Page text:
I suppose this is more a question about language theory than anything else. Why is the first statement in main legal, when the second is not? Don't they evaluate to be the same thing?

public class Main {
        public static void main(String[] args) {
        public static int foo(){
                return 0;

2 Answers 2


Java restricts the types of expressions that are allowed in so-called "expression statements". Only meaningful expressions that have potential side effects are allowed. It disallows semantically meaningless statements like 0; or a + b;. They're simply excluded from the language grammar.

A function call like foo() can, and usually does, have side effects, so it is not a meaningless statement. The compiler doesn't deeply inspect the body of foo() to check whether it actually does anything. Calling a function can have side effects, so it is syntactically valid.

This reflects a philosophical difference between C/C++ and Java. Java prohibits various constructs which result in dead or meaningless code.

foo();    // unreachable statement

C and C++ are relatively laissez faire about it all. Write whatever you want; they don't have time to babysit you.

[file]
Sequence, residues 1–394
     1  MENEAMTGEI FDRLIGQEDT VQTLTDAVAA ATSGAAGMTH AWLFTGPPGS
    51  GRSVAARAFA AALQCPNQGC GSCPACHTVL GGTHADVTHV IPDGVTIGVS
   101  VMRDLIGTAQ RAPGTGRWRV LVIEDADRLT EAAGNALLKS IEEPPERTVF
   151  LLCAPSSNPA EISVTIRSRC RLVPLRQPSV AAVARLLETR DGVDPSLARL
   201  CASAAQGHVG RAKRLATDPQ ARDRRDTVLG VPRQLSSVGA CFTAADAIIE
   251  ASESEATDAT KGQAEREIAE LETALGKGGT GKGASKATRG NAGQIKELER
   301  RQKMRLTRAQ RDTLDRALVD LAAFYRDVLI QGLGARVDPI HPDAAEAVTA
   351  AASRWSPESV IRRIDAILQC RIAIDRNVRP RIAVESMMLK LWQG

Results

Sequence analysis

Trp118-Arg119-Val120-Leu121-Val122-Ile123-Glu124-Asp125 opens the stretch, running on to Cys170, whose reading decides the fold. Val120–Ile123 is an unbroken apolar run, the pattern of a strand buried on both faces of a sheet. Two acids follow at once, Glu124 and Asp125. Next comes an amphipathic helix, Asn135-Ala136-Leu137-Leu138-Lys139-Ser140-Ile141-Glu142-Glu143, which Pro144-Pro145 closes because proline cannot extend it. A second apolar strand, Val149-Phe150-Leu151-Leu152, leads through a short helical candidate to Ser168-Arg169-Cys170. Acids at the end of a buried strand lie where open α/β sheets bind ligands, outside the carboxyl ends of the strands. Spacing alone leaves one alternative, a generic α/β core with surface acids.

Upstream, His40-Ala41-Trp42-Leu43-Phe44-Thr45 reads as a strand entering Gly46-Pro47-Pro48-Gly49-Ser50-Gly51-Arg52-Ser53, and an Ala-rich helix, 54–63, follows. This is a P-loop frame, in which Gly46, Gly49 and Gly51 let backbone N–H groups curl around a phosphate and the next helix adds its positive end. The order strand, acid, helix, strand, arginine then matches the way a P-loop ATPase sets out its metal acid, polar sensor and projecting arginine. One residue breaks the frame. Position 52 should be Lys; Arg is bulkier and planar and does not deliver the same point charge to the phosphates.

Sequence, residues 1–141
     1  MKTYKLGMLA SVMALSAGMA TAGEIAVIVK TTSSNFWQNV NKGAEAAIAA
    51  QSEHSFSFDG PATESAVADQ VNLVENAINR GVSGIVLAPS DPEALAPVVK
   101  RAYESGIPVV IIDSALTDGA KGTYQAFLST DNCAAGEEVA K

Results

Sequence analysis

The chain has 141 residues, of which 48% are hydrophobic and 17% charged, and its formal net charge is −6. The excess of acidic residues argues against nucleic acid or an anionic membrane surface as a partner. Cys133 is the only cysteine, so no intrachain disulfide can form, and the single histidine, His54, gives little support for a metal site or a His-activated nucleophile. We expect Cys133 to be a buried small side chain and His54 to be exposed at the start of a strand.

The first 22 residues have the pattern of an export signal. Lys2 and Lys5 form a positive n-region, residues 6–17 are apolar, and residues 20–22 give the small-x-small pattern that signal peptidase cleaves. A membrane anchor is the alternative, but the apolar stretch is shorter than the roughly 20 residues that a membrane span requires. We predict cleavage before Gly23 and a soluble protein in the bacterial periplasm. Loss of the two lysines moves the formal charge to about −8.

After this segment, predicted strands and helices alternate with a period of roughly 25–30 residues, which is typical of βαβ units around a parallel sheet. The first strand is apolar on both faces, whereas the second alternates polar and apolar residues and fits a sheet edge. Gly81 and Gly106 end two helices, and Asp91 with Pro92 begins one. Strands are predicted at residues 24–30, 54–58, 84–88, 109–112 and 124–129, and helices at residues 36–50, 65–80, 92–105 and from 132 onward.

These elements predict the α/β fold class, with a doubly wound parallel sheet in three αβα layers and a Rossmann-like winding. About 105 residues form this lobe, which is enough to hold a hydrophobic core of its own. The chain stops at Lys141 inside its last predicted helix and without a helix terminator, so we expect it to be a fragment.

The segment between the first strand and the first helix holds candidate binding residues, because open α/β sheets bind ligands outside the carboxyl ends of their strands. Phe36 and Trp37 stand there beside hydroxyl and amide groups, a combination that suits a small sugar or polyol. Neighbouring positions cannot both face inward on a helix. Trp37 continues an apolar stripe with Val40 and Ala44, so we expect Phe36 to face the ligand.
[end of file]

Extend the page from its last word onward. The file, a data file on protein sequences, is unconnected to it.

Quoting from the Java Language Specification, §14.8 Expression Statements:

Certain kinds of expressions may be used as statements by following them with semicolons.

    StatementExpression ;


An expression statement is executed by evaluating the expression; if the expression has a value, the value is discarded.

Execution of the expression statement completes normally if and only if evaluation of the expression completes normally.

Unlike C and C++, the Java programming language allows only certain forms of expressions to be used as expression statements. Note that the Java programming language does not allow a "cast to void" - void is not a type - so the traditional C trick of writing an expression statement such as:

(void)... ;  // incorrect!

does not work. On the other hand, the Java programming language allows all the most useful kinds of expressions in expressions statements, and it does not require a method invocation used as an expression statement to invoke a void method, so such a trick is almost never needed. If a trick is needed, either an assignment statement (§15.26) or a local variable declaration statement (§14.4) can be used instead.


In the first statement you are actually calling a function and second statement doesn't give any value. Incase you want to process the return value, you need to call a variable for return type


public class Main {

    public static void main(String[] args) {
        int n = foo();
         //do whatever you want with return 

    public static int foo() {
        return 0;
  • This answer does not address the question. This question is about how to fix the code in any way. The question is about explaining why one thing is allowed by then language, but another similar things generates a compile error.
    – Lii
    Feb 23, 2019 at 8:58
  • @Lii I have modified my answer bit. Feb 23, 2019 at 12:29

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